ERIC Number: ED232097
Record Type: RIE
Publication Date: 1982-Nov-20
Changing Perspectives and Opportunities and Their Impact on Careers and Aspirations: The Case of Women Lawyers.
Epstein, Cynthia Fuchs
Change in the roles of women in American society during the past 15 years provides an opportunity to evaluate basic theories dealing with life course, the impact of early socialization, and trait analysis. The case of women in the legal profession is of particular value in exploring these issues since law, an exclusively male domain for more than 50 years, is now 14 percent female, and one third of recruitments are women. Biological and social inheritance theories provide justification for the exclusion of women from jobs regarded as male; however, today these models are scrutinized for their more general analysis of human nature and development. Theories of this type have been, in some cases, adopted by feminine activists and fundamentalists, who each maintain that women are predisposed to values and objectives different from men. While early socialization does provide part of the explanation for the self-selection pattern which dissuades women from choosing careers that have been sex-typed as male, it does not account for the substantial increase in the number of women applicants to law school in the 1970's; these women were not socialized to the profession. The rapid and dramatic rise in women's admissions to law school occurred in too short a time to reflect real change in the childrearing patterns for young girls. Possible explanations for the increased enrollment for women lawyers include the influence of spouses and peers, and, in the case of older women going back to school, the influence of children. Opportunity has not only seemed to affect women's choice of law as a profession in the 1970's but their ambitions and aspirations as well. Although women have been socialized to place family and feminine values ahead of occupational success, more women now strive to succeed in the legal profession. (AG)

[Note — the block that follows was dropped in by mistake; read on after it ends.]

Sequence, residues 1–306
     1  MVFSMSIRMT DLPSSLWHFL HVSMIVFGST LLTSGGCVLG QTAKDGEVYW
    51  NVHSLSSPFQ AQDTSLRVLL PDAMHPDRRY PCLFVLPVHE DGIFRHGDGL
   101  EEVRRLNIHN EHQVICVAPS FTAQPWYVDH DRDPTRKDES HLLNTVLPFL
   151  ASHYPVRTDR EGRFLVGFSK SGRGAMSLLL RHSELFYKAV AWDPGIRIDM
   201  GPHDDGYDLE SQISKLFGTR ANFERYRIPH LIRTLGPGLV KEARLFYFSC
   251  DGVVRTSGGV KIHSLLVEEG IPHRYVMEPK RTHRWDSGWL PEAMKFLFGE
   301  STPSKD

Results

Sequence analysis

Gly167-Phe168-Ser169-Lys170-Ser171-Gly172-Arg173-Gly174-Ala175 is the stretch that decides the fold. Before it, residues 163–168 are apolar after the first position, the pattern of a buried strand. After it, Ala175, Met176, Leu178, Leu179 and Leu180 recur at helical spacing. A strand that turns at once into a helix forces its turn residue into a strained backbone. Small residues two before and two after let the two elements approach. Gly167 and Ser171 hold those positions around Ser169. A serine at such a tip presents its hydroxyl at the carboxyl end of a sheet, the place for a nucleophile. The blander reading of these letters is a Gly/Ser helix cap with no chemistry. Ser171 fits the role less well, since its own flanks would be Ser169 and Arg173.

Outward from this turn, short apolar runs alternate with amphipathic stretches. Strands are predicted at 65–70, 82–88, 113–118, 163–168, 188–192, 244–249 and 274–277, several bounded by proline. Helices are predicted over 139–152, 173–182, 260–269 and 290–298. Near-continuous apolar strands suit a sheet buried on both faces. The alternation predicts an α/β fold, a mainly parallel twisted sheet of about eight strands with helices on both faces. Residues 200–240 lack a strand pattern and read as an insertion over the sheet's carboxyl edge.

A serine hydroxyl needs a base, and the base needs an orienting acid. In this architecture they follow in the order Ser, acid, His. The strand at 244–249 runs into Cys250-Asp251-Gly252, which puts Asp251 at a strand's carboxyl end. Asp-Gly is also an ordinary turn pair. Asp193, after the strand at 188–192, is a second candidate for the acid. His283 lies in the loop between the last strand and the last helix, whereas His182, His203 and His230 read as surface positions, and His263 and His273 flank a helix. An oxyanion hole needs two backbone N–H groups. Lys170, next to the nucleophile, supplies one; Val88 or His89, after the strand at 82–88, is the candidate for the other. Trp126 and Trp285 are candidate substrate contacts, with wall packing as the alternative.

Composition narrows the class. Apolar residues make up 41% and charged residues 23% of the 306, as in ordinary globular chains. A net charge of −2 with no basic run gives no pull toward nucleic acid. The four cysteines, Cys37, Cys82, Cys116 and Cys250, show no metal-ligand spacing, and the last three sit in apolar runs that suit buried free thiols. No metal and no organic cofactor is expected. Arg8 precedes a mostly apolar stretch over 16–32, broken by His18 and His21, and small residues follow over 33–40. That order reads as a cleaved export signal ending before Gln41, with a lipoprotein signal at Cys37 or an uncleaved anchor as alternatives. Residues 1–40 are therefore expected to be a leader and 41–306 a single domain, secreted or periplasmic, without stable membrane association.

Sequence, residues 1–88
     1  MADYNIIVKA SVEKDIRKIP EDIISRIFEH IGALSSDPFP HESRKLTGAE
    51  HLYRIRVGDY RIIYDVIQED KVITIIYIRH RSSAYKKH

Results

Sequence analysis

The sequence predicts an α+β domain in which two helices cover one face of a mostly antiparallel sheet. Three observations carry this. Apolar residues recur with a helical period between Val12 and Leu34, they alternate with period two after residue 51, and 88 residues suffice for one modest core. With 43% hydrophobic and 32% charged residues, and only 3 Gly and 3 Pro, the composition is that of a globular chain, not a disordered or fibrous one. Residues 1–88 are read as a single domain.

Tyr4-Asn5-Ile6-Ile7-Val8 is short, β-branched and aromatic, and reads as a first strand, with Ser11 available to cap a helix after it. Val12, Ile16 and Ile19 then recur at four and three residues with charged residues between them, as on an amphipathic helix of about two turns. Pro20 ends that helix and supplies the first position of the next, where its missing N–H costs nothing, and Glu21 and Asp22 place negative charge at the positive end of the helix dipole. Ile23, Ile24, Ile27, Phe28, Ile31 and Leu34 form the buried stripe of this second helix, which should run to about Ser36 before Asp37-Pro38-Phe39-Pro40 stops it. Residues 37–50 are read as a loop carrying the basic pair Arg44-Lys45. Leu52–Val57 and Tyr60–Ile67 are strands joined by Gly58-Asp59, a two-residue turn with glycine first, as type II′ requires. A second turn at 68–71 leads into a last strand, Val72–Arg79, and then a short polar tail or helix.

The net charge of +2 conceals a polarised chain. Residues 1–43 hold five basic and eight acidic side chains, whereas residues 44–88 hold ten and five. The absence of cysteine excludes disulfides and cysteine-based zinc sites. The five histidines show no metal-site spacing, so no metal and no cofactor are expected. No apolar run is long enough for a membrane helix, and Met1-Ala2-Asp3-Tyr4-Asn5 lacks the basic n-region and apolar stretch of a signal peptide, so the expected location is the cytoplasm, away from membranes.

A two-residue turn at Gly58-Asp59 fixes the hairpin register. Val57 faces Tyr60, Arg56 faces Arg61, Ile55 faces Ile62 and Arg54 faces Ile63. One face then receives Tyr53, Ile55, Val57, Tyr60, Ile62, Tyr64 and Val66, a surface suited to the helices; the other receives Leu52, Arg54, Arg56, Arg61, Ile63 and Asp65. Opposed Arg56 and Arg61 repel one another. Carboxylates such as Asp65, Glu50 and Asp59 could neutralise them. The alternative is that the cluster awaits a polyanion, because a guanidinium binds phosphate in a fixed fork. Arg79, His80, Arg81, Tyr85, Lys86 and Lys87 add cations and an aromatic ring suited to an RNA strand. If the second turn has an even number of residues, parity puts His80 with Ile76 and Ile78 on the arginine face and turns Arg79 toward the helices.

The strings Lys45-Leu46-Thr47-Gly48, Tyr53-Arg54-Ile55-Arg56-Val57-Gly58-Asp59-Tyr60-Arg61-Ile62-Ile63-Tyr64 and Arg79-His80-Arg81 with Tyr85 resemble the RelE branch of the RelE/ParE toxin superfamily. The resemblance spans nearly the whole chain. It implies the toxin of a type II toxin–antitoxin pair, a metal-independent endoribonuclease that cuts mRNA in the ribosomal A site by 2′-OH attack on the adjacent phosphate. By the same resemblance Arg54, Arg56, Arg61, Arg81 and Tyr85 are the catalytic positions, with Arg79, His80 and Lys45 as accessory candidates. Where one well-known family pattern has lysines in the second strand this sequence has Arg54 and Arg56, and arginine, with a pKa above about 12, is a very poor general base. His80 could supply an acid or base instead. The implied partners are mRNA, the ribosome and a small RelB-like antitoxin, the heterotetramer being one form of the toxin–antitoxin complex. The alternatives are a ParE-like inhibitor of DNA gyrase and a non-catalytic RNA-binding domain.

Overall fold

Publication Type: Information Analyses; Speeches/Meeting Papers
Education Level: N/A
Authoring Institution: N/A
Note: Paper presented at the Annual Scientific Meeting of the Gerontological Society (35th, Boston, MA, November 19-23, 1982).